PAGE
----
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Young filmmaker’s space odyssey to premiere

Doug Ramsay photo,

Filmmaker Emmett Fifield kneels with the clay figures from his film “Constant Space” in Fifield’s basement studio along with the Super 8 camera that he used to make the full-length feature film.

MONROE — Having worked on his project since he was 16 years old, Emmett Fifield, 22, is a filmmaker whose Claymation feature length film “Constant Space” will see the spotlight next month at the “Local Sightings Film Festival” hosted by the Northwest Film Forum.
It’s kind of a big deal.
Fifield remains humble and focuses instead on his art, and collaborating with close friends and family to make his film endeavors creative and fun. Fifield hopes the exposure at the film festival could amplify his budding career and get his other written projects jump-started.
His family and friends are supportive and excited for “Constant Space” to premiere.
“Emmett has always been very focused when he connects with an idea, when he wants to learn something,” said Emmett’s mom Stephanie Fifield. “He will spend hours reading books and researching online and then he will
work at his pace on that skill. He is passionate about how to tell a good story, and film is his chosen vessel to do that.”
Using his mom’s basement to
build the sets, characters and shoot the film, Fifield said the creative process is part of what makes filmmaking fun for him.
“I’ve been artistic pretty much all my life, I’ve always liked art and building things and with filmmaking, those things are put together – you have to build sets, props and to have vision,” Fifield said. “It’s a combination of art and craftsmanship. It’s a process you have to commit to.”
His film, “Constant Space,” is set in the distant future and centers around a spaceship that is looking for natural resources in uncharted galaxies. The characters find a mysterious device that causes problems for the mission and they venture through wormholes and further space travel to find their way back home.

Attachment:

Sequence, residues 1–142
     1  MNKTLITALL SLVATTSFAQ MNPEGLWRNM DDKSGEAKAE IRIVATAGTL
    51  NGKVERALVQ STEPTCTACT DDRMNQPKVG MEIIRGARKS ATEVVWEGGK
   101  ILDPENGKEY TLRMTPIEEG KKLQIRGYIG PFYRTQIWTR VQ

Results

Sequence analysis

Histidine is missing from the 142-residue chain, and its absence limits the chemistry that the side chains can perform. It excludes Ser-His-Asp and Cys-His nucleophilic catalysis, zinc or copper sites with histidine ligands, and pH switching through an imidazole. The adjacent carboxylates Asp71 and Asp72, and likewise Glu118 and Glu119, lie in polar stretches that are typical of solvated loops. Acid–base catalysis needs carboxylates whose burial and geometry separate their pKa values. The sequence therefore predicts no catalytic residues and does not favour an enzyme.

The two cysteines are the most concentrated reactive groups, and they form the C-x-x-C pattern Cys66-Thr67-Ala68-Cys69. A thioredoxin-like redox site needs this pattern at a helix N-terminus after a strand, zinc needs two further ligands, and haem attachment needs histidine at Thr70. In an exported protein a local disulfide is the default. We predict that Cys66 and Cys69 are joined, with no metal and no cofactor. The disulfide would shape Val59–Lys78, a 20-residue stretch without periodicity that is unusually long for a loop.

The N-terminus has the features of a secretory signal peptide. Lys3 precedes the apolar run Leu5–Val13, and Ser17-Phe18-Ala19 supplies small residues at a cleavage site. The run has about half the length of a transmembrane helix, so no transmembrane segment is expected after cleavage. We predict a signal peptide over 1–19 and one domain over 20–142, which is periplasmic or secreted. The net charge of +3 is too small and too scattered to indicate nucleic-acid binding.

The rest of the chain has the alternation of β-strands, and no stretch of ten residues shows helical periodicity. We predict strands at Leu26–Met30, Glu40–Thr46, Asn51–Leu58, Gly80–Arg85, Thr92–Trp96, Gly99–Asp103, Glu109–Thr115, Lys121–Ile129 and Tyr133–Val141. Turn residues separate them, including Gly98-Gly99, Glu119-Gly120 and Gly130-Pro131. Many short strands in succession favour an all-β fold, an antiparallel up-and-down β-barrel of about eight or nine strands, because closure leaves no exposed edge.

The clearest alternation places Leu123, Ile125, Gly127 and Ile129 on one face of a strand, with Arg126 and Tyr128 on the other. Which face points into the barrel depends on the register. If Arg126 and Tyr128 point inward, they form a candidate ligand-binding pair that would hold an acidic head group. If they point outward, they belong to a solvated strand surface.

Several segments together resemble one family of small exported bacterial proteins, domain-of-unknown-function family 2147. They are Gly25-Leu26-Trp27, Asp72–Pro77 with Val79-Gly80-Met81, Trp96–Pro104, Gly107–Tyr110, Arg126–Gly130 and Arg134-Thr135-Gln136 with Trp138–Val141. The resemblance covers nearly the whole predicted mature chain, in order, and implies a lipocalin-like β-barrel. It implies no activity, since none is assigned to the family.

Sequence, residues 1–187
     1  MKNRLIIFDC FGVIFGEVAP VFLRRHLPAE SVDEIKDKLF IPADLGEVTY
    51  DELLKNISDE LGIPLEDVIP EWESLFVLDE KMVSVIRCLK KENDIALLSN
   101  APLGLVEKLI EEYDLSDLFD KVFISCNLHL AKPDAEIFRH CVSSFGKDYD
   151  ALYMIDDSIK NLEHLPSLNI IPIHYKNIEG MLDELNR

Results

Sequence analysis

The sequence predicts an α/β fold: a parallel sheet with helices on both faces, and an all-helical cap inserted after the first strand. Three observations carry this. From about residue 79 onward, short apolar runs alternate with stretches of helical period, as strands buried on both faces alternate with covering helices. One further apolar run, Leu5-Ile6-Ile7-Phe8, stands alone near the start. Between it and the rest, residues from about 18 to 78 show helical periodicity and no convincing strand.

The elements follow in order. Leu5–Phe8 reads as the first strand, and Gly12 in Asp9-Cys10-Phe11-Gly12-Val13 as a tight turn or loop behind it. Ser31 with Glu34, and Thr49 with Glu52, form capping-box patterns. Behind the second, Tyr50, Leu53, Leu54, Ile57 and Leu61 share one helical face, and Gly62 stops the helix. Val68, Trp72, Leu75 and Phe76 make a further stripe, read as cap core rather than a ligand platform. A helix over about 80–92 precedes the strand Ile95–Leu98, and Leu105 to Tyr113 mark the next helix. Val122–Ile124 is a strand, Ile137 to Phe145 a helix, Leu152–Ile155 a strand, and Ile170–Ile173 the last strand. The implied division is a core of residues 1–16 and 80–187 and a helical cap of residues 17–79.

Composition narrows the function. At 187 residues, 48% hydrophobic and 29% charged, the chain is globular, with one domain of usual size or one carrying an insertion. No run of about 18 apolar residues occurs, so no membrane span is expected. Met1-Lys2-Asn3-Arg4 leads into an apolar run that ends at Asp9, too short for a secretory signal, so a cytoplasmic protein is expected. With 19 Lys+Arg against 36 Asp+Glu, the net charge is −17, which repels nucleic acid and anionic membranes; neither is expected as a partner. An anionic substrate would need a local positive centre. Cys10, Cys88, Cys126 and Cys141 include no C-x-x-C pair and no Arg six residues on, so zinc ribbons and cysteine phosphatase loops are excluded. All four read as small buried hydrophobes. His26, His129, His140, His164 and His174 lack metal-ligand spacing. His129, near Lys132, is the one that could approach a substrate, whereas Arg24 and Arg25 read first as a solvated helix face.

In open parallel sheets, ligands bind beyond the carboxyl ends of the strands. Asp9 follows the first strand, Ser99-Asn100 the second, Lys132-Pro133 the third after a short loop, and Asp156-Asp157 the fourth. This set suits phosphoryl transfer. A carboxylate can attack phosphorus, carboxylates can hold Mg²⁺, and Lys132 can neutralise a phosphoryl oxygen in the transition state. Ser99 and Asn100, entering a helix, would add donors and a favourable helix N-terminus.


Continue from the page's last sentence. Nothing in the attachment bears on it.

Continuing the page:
For research, since Fifield first wrote the story as a teen, he read many books about space, time, physics and theories about the cosmos. Other space-related science fiction helped inspire Fifield, who said he was a big fan of works by Arthur C. Clarke, Frank Herbert and Issac Asimov.
It all culminated into telling stories of space travel and characters dealing with the effects.
To create these stories for film, Fifield made clay characters and shot with a Super 8 film camera he
bought off of eBay when he was 15 years old.
“I like the aesthetic of the Super 8 film format, it’s ‘pre-VCR days’ and was used mostly for home movies; while they still make it, it’s
kind of a niche market (for supplies),” Fifield said. “I’ve always liked the way it looks, no offense to digital, which to me sometimes appears flatter. With the claymation, you have to pose the puppets and shoot them frame-by-frame, then combine all the pictures together and like a flip book, it looks like live action. But it’s animation. It’s very time-consuming but it’s what I like.”
Fifield did not attend Monroe High but the Sky Valley Education Center (SVEC). He hasn’t gone to film school either, just read, studied and practiced — a lot.
“The film I just made has basically been my film school,” he said, “Though making this, I learned how to do lighting, how to set up the shot, things like that. I’ve studied a lot and had feedback and help from friends and my family. That’s been the best mentorship and not everybody has that with their art.”
Fifield’s best friends helped voice the characters, as well as composing the movie’s soundtrack. On the “Constant Space” soundtrack, the original music was made by friends and Fifield
on the drums, his dad Will Fifield on the bass guitar, and his best friend who studies sound engineering mixing it all for the “space-like” sound. Fifield said mixing the sound effects, music and soundtrack was his favorite part of creating the film.
With help and support from friends and family, as well as self-funding from years of buying supplies, Fifield said he was able to accomplish his goal of producing his own movie. It cost him a
little under $8,000 of his own money. But the time from friends and family was free. As the adage goes, charity starts at home.
Stephanie Fifield encouraged her son’s creative endeavors as well as her other children’s: Emmett’s older brother, a chef, has a Seattle food truck and his older sister is an artist of multiple mediums. His younger two sisters are dancers. All were educated at SVEC and Stephanie Fifield said it allowed her children to spend more time on their creative passions than other students their age because of the path they took for their education.
“I support him because I believe if we give kids time to work at their passions they learn many other important things along the way,” Stephanie Fifield said. “Patience, problem-solving, teamwork, resourcefulness … they own their triumphs and process their failures in a more constructive way. Emmett was encouraged by many teachers, parents and students (at SVEC) to keep after this passion of his.”
Fifield said he had no grand expectations for his film, he just loves making movies and telling stories; when he submitted his entry to the festival and found out it was selected, he was happy and hoping the exposure will help him learn more.
He’s pretty sure he has more to learn and will keep learning through art.
“Constant Space” premieres at the “Local Sightings Film Festival” hosted by the Northwest Film Forum. The festival will be Sept. 22-30 at 1515 12th Ave. (between Pike and Pine) in Seattle.
To see a movie trailer, visit


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